Wednesday, 8 June 2011

Refugee Protection: Policies by Number or a Creative Welcome...

...was the title of the Churches Refugee Network’s annual day conference on Saturday, held on June 4th, at Saint James’ parish church, Piccadilly. The whole area of UK Border Agency asylum policy and practice is rightly always under scrutiny in the media, but never more than in the media in the week running up to this year’s gathering of folk from all over the country, who work in specialised projects, or befriend individual asylum seekers and their families.
“Amnesty given to 160,000 asylum seekers”, was the headline in the Times. “Britain Opens the Door to Asylum Seekers”, declared the Daily Express. “HOW DREADFUL!” you are invited to think. “What ever is the Government doing, letting in 160,000 more unwanted people?”
But no one at the conference swallowed the bait, because they knew better. Over 50 attendees signed a statement, which explains, amongst other things, that large numbers of the 160,000, will be bonafide international refugees who have fled from violence and terror, torture and rape. Their applications for sanctuary in the UK had lain in administrative piles of paperwork over months and in some cases, years, whilst they were surviving in poverty. Many of them will have spent months in detention, because they arrived illegally and, not knowing our laws and language, did not immediately explain why they had left home in the first place.
The headlines did not disclose either that the so called “amnesty” had actually been taking place over several years, as paperwork gradually emerged from the constipated system, or that people seeking Sanctuary, are not in the same situation as people who are judged to be economic migrants. (Although this group too deserves compassion, they are not defined as International Refugees.) The numbers of people currently claiming sanctuary is just a small proportion of the net ebb and flow of those overstaying their visas. The majority only claim asylum because they dared not remain a moment longer at home. They have left everything and fled. This ‘demonization’ of this truly vulnerable group of people, by some of our media, is totally unacceptable.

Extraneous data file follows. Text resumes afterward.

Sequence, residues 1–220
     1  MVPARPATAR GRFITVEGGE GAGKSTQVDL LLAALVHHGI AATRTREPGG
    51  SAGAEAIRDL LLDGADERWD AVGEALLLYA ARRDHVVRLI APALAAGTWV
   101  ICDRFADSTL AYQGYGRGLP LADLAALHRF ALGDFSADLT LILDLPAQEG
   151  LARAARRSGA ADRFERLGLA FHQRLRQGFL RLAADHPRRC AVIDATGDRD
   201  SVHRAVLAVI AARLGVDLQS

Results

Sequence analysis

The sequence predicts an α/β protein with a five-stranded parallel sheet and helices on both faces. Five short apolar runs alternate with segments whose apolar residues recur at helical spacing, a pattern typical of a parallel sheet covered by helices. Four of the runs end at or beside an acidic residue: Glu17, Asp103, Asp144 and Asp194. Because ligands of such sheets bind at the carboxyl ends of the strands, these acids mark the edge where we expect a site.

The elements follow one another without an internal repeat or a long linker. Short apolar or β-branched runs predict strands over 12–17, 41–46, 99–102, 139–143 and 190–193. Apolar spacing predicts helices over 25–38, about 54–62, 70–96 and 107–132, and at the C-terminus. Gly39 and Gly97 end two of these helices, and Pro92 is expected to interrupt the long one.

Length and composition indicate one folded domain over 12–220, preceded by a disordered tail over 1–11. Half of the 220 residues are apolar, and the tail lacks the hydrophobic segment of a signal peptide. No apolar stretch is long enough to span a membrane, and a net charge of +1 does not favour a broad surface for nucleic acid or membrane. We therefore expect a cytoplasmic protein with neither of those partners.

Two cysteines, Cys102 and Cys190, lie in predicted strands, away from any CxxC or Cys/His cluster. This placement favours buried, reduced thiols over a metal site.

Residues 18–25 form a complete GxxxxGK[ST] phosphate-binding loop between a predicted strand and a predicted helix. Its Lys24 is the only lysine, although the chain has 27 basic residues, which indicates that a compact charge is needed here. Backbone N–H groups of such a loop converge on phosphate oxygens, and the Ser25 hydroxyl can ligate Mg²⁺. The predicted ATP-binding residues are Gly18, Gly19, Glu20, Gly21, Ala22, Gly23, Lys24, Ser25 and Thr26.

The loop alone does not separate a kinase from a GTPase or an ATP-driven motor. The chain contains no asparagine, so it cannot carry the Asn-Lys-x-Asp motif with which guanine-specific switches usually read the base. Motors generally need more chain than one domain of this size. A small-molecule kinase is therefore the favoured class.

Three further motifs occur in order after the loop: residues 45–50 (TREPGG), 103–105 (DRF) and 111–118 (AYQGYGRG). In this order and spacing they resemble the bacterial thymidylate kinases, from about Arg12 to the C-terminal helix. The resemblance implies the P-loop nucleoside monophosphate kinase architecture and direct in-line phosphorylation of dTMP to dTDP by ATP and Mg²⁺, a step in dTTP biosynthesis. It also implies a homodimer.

The day after the Conference, the Sunday Express carried the lead headline, “Asylum Gravy Train”, reporting that, “Foreign companies, private health care providers, property businesses, even a luxury travel agent, are being paid hundreds of millions a year in a bid to contain thousands of illegal migrants.” But, hang on a moment: are we talking about ‘asylum seekers’, or all ‘illegal migrants’? It is not the asylum seekers who are at fault – it is the inhuman administrative mess, that they are forced to suffer. What happens to our human compassion when it comes to receiving traumatised people who are just looking for ways to escape experiences of fear and pain?
The Conference was a huge success. Dr Anna Rowlands, a lecturer at St Margaret’s Institute of Theology in Cambridge, our first keynote speaker, shared her paper, ‘Human Rights for Real Humans: past and present views and practices in religion and politics’. Frances Webber, who has recently retired as a senior Human Rights/Immigration barrister with Garden Court Chambers, gave us a wonderfully complementary view on the social and political reality for people seeking Sanctuary in the UK. “Why is it”, Frances Webber asked us, “that a newspaper will be reporting the appalling suffering and breakdown in overseas communities on one day and then later, demonises the very same people who have turned to us for help?”
After a delicious lunch, prepared by Migrant Voices, Gillian Allnutt, the published poet from the north east England, put us in touch with the feelings of some sanctuary seekers, as she read poems they had contributed to her project, ‘The Galloping Stone’. And the African band, Zvichanakachete, had us dancing in the aisles!